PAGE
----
I agree that public transit combined with bicycle infrastructure is a much healthier, less expensive (and, given the expenses involved, more likely) way to revolutionize American transportation than converting the entire present fleet of cars in the US to electric. It will, however, require denser land use patterns and transit and bicycle infrastructure created on the double.

    But it doesn’t mean electric cars don’t have a positive role to play. Every car in America doesn’t need to be replaced because Americans have twice as many cars as they need. I know families that have four cars, one set aside for a teenager who is still too young to drive! However, there are those who, for various reasons, will insist on a personal vehicle and will still have the money to pay for one. I would much rather see those folks in small electric cars than in large, pollution-spewing SUVs. Electric engines are so much more efficient than internal combustion engines that even if the electricity is powered entirely by nasty, horrible coal, the environment is still a big winner.

    Oil is amazing stuff. One gallon of gasoline contains the energy of over two weeks of human labor. (And it costs only $3.00?) Squandering it on grossly inefficient internal combustion engines to propel 5000 lbs of metal to the grocery store and soccer field is probably the worst use we could put it to. (Okay, stripping off mountain tops for coal is another bad use.)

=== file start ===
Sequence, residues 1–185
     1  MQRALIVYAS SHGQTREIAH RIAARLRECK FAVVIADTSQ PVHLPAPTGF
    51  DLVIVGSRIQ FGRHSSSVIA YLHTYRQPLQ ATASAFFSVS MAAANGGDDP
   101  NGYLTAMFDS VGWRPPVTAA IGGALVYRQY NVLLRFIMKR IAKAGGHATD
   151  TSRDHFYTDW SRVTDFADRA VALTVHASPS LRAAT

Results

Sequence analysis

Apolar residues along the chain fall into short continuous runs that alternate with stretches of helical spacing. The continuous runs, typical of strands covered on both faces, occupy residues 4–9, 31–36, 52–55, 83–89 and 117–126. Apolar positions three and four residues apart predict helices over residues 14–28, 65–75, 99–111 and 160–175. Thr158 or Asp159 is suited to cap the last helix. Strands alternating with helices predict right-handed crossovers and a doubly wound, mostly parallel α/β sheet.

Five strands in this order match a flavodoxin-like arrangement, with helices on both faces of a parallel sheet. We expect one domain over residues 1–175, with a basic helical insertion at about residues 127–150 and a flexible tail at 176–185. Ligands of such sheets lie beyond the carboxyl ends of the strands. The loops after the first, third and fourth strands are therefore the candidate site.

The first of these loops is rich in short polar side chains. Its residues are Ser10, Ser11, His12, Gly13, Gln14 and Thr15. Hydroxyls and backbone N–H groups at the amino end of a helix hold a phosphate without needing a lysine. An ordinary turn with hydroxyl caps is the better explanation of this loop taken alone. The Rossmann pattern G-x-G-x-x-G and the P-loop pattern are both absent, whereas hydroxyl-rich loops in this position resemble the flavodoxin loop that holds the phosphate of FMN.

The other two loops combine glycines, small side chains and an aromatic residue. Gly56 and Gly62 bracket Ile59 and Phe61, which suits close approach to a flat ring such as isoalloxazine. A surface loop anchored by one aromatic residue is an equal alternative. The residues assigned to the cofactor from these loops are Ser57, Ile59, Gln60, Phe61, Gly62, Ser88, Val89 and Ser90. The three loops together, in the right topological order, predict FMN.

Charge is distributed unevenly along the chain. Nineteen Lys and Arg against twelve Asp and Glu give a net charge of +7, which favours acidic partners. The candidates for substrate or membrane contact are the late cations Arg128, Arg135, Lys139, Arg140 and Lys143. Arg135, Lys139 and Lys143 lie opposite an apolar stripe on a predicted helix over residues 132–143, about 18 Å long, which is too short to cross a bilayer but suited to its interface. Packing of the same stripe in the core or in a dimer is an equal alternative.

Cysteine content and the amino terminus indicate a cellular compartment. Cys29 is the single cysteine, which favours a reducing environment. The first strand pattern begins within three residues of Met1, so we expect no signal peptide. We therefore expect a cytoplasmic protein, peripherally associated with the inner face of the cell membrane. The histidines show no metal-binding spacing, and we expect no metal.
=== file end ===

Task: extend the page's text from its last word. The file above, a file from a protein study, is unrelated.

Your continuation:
• I don’t own a car, and when I talk to people about it (who always assume I’m doing it for the environment), I tell them it’s economic, with an environmental bonus. I have the Caltrain Go Pass, Translink and use my friends’ cars sometimes. I think combined, I spend about $750/yr on transportation, at most — and I take the train to Palo Alto from SF every day.

    I can’t even fathom having to spend $15,000/yr on getting around.

  • From SanLeandro

    “In the Bay Area, parking regulations are a significant impediment to dense development. In San Leandro, parking minimums of more than two parking spaces for each new home made dense development a planning impossibility. When San Leandro re-wrote its downtown plan, it rezoned to allow 3,400 new homes, more than seven times the limit under the old zoning laws. The first development in the new Downtown Transit-Oriented Development Strategy, The Alameda, designed by San Francisco Architect David Baker, saves $3.9 million by eliminating a level of parking and produces 30 more affordable units, according to the report.”